Streaming audio over TCP with python-gstreamer

by Sander Marechal

I've fallen in love with Python. I'm always on the lookout for a good excuse to learn a new programming language. Since Lua is backwards-incompatible (and most non-Debian based Linux distro's ship Lua in such a way that you cannot run multiple versions at the same time), I wanted to switch the AI script language for Gnome Hearts to Python. I'm still working on that and now I'm hooked. So, when I wanted something that lets me play my music collection from my server to my stereo I took python for a good test drive.

Anoher thing I wanted an excuse for was learning gstreamer, so naturally I picked python-gstreamer. Sadly there's a huge lack of documentation for it. There are only a few good tutorials around, first and foremost Jona Bacon's excellent tutorials [1][2][3]. I wanted my hack to work over TCP as well, because I have multiple music libraries. One on my home server, one on my desktop, a bit more on my laptop, etcetera. I want to be able to stream from other machines to my server which I'll hook up to my stereo. I could not find any tutorials on using tcpserversource and tcpclientsink elements, so honoring Jona's request that everyone “should write an article about something that you have discovered that isn’t particularly well documented”, here's mine about tcpserversource and tcpclientsink.

TCP streaming using gst-launch

Using gst-launch-0.10 is the easiest way to see if a pipeline will actually work or not. It's quicker to change a few commandline variables than it is to change your program every time. It took my a few hours before I found the right one due to two causes:

  • Caps (format descriptors) are not automagically negotiated when you use tcp elements. According to the scarce documentation I could find, using setting the protocol to GST_TCP_PROTOCOL_GDP should enable negotiation, but I could not make this work.
  • Apparently the caps for the audiotestsrc that I was trying to use most of the time could not be negotiated at all.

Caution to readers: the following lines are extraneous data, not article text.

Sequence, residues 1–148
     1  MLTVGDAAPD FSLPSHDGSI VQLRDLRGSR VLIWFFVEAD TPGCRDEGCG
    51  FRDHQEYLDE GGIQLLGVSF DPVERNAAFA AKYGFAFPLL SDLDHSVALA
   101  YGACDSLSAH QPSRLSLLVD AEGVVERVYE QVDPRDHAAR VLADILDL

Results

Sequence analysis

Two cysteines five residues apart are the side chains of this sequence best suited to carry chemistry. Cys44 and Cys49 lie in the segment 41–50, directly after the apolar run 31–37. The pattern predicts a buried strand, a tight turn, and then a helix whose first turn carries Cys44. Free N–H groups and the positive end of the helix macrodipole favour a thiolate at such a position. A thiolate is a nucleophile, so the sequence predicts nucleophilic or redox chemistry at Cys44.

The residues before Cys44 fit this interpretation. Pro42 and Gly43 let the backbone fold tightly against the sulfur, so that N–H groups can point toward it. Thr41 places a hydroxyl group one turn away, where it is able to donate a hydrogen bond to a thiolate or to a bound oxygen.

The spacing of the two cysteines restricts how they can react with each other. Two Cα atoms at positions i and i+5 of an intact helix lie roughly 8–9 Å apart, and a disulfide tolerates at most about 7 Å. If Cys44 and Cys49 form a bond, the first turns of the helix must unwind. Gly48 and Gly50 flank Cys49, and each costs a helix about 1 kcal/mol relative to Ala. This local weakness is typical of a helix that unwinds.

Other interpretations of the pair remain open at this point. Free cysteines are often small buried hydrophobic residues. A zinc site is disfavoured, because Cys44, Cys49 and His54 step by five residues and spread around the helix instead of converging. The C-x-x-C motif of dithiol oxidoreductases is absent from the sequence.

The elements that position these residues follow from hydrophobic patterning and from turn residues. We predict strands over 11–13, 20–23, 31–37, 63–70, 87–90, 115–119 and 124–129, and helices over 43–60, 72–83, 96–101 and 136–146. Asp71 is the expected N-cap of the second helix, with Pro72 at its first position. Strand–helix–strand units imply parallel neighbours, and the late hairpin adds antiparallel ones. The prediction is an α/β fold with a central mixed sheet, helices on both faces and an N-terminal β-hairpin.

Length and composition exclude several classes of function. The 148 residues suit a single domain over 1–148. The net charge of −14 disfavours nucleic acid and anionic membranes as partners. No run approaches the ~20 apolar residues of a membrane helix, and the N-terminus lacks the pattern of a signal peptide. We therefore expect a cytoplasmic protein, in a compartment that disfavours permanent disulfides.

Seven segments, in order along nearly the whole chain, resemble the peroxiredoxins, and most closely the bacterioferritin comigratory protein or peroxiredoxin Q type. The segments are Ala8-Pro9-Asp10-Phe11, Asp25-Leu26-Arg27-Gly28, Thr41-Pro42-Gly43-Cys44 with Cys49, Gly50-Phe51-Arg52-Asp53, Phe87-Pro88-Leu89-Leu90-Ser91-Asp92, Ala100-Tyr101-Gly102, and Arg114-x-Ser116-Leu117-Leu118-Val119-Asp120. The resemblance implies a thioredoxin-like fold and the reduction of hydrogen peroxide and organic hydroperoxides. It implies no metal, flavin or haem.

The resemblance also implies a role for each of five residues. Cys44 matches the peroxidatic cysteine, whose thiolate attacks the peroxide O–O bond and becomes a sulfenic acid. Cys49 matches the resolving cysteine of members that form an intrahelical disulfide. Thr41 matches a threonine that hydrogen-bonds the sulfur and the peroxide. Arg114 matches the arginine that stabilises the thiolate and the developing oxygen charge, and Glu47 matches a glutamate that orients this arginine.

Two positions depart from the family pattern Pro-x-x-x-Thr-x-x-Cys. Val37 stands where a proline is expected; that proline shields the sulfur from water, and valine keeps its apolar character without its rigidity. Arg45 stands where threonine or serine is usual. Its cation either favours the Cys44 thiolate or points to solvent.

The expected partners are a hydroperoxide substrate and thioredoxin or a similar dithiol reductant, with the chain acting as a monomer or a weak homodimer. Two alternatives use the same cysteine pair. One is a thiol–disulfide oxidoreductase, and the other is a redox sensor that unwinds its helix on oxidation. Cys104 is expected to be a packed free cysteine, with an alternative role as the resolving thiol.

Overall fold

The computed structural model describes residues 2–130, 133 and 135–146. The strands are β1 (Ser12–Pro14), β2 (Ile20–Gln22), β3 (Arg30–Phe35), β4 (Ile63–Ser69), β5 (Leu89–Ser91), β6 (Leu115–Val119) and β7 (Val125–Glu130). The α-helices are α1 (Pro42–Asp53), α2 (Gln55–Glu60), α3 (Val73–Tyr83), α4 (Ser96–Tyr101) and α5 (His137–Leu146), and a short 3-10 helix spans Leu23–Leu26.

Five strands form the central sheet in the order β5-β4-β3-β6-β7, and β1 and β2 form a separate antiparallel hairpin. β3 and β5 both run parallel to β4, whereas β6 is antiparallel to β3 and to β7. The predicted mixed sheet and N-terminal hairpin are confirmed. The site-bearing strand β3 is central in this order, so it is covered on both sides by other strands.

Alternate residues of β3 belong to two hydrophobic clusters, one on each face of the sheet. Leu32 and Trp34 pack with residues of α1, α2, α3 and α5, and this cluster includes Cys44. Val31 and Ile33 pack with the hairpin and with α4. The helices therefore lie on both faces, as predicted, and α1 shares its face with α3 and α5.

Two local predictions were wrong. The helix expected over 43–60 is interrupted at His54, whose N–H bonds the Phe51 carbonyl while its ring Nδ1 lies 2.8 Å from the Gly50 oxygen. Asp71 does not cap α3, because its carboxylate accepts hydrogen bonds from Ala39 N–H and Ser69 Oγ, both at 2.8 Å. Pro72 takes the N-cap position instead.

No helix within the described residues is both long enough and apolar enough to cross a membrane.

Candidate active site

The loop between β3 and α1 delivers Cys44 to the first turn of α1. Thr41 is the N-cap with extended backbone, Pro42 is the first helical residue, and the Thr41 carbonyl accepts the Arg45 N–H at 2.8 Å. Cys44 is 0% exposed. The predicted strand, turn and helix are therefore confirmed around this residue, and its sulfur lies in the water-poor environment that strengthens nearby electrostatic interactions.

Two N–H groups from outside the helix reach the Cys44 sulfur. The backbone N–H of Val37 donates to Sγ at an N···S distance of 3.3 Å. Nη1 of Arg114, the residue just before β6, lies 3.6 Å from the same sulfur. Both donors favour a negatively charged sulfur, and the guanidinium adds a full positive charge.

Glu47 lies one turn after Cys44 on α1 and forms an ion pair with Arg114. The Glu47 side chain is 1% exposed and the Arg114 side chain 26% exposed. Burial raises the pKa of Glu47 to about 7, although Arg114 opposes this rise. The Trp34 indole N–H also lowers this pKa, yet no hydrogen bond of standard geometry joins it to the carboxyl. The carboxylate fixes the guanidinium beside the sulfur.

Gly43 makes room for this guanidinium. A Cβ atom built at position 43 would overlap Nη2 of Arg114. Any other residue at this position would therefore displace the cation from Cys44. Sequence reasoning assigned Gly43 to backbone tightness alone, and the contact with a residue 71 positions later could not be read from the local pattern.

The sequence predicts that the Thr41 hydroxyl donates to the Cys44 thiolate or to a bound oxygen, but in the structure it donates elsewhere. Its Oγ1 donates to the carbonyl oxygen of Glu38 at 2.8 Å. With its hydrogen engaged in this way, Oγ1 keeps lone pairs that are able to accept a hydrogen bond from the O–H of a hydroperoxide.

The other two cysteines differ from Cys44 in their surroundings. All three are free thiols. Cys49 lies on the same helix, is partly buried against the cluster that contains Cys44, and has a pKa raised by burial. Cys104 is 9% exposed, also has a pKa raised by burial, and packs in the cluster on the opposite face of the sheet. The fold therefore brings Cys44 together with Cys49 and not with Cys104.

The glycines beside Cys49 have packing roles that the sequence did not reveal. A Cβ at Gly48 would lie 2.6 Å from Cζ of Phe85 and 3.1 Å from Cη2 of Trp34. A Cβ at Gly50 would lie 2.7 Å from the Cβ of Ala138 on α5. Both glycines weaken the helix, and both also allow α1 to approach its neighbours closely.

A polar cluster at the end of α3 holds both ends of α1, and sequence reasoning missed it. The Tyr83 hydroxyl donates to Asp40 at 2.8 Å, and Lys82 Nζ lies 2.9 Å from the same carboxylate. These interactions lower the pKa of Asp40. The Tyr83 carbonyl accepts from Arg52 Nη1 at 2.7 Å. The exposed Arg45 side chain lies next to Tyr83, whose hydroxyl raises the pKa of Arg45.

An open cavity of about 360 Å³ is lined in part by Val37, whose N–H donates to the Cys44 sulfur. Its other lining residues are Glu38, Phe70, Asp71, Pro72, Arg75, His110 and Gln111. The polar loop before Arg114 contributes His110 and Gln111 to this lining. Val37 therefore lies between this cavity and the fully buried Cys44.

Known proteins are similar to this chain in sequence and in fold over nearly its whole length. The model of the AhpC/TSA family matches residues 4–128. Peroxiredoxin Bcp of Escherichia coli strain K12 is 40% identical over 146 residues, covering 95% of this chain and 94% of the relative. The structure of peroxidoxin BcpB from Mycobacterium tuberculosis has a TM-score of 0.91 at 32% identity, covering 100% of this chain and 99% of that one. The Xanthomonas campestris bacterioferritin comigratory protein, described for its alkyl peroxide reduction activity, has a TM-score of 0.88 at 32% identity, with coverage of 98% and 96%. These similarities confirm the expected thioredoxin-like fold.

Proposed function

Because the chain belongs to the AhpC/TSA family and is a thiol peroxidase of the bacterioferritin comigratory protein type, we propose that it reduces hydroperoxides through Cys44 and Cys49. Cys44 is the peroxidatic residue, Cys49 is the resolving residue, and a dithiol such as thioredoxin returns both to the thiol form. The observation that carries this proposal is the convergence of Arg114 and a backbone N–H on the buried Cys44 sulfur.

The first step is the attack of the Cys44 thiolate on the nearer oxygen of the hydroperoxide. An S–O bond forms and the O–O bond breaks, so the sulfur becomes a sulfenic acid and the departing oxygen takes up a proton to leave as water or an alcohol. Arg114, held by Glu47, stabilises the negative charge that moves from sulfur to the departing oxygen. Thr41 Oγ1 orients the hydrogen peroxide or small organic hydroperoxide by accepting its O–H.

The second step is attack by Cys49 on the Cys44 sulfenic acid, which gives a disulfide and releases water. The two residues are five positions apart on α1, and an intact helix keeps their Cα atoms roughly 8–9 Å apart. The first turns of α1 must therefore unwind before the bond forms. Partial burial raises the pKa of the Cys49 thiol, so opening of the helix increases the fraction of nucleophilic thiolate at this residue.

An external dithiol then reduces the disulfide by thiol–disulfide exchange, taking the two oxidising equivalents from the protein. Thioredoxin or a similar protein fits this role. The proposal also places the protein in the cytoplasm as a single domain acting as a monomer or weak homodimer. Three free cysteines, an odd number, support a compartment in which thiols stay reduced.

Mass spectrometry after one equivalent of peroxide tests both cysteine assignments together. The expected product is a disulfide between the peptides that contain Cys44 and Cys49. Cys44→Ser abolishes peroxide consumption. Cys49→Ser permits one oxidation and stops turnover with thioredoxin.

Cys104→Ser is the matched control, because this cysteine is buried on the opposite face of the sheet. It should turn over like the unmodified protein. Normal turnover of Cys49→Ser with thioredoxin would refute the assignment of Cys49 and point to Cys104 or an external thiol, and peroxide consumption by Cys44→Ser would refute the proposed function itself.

What I ended up doing was simply streaming the still compressed audiofile before any caps negotiation has taken place. Aside from making my pipeline actually work it has the added benefit for me that it uses less bandwidth. All caps negotiation then happens at the server side. Here are the server and client pipelines that actually worked for me. You can run them both on the same machine simply by setting the host to localhost and using two xterms. Make sure you start the server before starting the client.

  1. you@server$ gst-launch-0.10 tcpserversrc host=localhost port=3000 ! decodebin ! audioconvert ! alsasink
  2. you@client$ gst-launch-0.10 filesrc location=/home/you/song.ogg ! tcpclientsink host=localhost port=3000

Putting it all in Python

With the gst-launch pipelines sorted out it's trivial to implement the same thing in Python. The server code:

  1. #!/usr/bin/env python
  3. # This is some example code for python-gstreamer.
  4. # It's a gstreamer TCP/IP server that listens on
  5. # the localhost for a client to send data to it.
  6. # It shows how to use the tcpserversrc and tcpclientsink
  7. # elements.
  9. import gobject, pygst
  10. pygst.require("0.10")
  11. import gst
  13. # Callback for the decodebin source pad
  14. def new_decode_pad(dbin, pad, islast):
  17. # create a pipeline and add [tcpserversrc ! decodebin ! audioconvert ! alsasink]
  18. pipeline = gst.Pipeline("server")
  20. tcpsrc = gst.element_factory_make("tcpserversrc", "source")
  21. pipeline.add(tcpsrc)
  22. tcpsrc.set_property("host", "")
  23. tcpsrc.set_property("port", 3000)
  25. decode = gst.element_factory_make("decodebin", "decode")
  26. decode.connect("new-decoded-pad", new_decode_pad)
  27. pipeline.add(decode)
  30. convert = gst.element_factory_make("audioconvert", "convert")